Growing numbers of US Republicans showed discomfort on Monday over obliterating US President Barack Obama’s healthcare overhaul without having a replacement to show voters. Hoping to capitalize on the jitters, US Democrats staged an evening Senate filibuster to condemn the Republican party push.
With US president-elect Donald Trump just 12 days from entering the White House, Republicans have positioned a repeal and replacement of Obama’s 2010 healthcare statute atop their congressional agenda, but Republican lawmakers have never been able to rally behind an alternative, and Republican senators are increasingly voicing reluctance to vote to yank health coverage from millions of people without a substitute.
That hesitancy was fed as Senator Rand Paul, among those who want to delay repeal until a substitute is ready, said Trump telephoned him on Friday night and expressed support for doing both together. Trump expressed a similar sentiment shortly after his election, but his call to Paul came as Republican congressional leaders have pushed toward an early repeal vote, to be followed by work on alternative healthcare legislation that could take months or years to craft.
“There are gathering voices of people saying, ‘Hmm, maybe we should have a replacement the same day as a repeal,’” Paul told reporters on Monday.
The budding Republican divisions come as the Republican-led Senate pushed toward a final vote this week on a budget that would shield a future bill repealing Obama’s law from a Democratic filibuster. Once passed by the Senate and later the House, the budget would prevent Senate Democrats from using those delaying tactics against the later legislation repealing Obama’s statute. Filibusters take 60 votes to halt in a chamber Republicans control by just 52-48.
Lawmakers were also focused on confirmation hearings for Trump’s Cabinet.
In yesterday’s initial hearings, committees are to examine Senator Jeff Sessions, Trump’s pick for attorney general, and retired Marine General John Kelly, his choice for secretary of homeland security. Seven others were also set for hearings this week.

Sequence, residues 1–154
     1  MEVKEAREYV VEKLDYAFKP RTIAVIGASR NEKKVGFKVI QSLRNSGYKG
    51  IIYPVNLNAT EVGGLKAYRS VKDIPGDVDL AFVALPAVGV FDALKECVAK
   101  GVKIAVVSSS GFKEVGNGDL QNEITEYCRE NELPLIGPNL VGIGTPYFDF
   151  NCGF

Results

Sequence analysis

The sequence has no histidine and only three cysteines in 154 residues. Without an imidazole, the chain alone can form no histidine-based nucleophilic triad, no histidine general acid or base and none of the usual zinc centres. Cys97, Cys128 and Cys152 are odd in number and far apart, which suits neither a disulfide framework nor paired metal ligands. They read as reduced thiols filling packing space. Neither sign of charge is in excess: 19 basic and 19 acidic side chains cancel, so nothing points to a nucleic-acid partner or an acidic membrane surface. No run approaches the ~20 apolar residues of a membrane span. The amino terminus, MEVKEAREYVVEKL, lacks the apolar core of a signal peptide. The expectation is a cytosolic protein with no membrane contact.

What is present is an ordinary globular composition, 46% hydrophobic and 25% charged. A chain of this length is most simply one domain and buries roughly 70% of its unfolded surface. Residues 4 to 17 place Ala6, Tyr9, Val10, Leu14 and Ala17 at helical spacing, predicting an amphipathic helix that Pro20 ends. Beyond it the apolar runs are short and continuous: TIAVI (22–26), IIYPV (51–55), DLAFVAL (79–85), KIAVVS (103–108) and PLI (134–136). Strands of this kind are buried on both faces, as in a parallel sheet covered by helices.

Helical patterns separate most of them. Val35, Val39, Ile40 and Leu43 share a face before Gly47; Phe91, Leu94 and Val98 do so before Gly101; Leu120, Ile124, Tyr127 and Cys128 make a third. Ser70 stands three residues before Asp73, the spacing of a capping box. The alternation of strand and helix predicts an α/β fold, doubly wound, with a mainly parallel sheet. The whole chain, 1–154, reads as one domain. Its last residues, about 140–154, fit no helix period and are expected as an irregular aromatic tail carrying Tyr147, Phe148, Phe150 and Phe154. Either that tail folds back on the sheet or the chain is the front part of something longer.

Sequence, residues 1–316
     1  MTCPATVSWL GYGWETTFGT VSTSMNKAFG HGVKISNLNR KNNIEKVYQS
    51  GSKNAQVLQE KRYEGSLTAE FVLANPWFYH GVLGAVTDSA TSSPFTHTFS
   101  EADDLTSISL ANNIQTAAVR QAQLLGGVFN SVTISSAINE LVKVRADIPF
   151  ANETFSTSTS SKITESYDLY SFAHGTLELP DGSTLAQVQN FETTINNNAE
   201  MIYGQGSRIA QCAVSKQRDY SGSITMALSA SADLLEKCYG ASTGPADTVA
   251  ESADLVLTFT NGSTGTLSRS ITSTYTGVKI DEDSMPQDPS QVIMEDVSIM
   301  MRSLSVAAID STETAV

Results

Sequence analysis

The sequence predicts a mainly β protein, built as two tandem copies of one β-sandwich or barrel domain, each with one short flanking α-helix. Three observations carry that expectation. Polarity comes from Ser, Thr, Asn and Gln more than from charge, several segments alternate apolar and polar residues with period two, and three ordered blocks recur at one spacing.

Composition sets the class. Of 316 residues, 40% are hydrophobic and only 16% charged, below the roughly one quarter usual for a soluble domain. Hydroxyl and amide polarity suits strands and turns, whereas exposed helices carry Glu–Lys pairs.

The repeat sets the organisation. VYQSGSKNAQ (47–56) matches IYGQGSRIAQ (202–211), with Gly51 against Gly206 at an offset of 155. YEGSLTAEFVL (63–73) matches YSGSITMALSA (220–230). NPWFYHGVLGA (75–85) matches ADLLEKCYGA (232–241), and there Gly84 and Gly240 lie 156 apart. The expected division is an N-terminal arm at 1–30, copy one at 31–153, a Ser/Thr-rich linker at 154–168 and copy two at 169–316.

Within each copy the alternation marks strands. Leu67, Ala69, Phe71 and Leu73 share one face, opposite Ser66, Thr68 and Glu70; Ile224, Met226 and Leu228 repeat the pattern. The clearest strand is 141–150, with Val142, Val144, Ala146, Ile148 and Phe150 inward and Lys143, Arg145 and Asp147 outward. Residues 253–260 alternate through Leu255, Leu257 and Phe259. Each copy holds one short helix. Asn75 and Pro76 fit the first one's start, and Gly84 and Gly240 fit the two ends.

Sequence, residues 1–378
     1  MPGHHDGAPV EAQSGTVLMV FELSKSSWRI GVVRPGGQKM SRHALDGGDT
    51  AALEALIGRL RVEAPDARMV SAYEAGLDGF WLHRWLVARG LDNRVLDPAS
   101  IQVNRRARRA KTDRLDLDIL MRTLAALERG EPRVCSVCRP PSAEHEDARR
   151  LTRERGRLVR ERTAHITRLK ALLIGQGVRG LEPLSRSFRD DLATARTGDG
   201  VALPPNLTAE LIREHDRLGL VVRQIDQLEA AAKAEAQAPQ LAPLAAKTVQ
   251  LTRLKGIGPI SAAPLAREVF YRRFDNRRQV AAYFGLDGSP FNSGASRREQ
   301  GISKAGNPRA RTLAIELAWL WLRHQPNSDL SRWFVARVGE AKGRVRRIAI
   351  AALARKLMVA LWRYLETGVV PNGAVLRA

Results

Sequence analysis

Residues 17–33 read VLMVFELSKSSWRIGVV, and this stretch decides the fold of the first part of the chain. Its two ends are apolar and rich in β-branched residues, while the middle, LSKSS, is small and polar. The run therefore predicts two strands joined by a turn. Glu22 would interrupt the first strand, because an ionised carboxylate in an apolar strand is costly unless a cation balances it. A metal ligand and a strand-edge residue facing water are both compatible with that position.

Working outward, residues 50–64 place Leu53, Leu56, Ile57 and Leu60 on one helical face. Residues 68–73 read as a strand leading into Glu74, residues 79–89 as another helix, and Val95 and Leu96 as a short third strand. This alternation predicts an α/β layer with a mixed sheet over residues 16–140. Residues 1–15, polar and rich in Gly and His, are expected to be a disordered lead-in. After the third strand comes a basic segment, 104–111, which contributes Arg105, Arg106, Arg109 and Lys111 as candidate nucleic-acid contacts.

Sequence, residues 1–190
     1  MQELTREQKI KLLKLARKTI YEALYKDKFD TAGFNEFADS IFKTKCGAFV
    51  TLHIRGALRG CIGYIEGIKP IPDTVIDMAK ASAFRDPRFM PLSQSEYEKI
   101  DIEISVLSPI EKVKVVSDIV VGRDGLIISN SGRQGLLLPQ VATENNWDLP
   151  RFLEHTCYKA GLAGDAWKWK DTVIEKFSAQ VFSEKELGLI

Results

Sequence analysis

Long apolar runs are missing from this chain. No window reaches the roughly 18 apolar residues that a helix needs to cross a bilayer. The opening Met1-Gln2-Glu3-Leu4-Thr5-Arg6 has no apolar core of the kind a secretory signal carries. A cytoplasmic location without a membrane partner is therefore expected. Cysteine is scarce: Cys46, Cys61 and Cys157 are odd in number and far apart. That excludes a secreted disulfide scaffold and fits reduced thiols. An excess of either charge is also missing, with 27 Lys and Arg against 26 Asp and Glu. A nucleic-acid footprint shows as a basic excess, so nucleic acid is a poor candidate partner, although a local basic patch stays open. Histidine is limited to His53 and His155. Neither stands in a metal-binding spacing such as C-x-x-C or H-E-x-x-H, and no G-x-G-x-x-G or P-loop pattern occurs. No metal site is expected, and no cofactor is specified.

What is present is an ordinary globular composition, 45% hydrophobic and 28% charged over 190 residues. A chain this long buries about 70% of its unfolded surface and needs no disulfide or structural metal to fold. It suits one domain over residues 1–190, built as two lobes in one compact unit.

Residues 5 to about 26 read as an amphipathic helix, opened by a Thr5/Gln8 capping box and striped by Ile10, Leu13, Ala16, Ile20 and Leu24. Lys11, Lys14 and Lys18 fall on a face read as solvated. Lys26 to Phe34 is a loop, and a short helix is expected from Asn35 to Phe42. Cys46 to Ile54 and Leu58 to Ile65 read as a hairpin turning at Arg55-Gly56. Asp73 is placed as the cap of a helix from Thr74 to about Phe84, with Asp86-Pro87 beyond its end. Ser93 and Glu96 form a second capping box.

Also yesterday, the US Senate Select Committee on Intelligence planned a hearing on intelligence agencies’ conclusion that Russians meddled in the US election by hacking and distributing Democratic party e-mails to help Trump win the White House.
Among the witnesses will be FBI Director James Comey. It will be his first public appearance before Congress since he announced just before the election that the FBI was studying additional e-mails connected to Democratic presidential nominee Hillary Rodham Clinton, a revelation many Democrats say contributed to her defeat by Trump.
On the House side of the Capitol, US Speaker of the House Paul Ryan met in his office on Monday evening with top Trump transition aides to discuss Republican plans to revamp the US tax system. Democrats looking to cast themselves as populist defenders of a law that’s expanded health coverage to 20 million Americans used speeches to C-SPAN cameras and a nearly empty Senate chamber late on Monday to attack Republicans for commencing a repeal effort with no alternative in hand.
“The Republicans hate Obamacare. They hate it almost as much as the devil hates holy water,” US Senator Richard Durbin said, using the law’s nickname, as his party’s planned hours of speeches began.
“They certainly have a plan to repeal it, but when it comes to replacing it, they don’t offer anything. But they’re going to go ahead with this,” said Durbin, who said repeal would be “devastating.”
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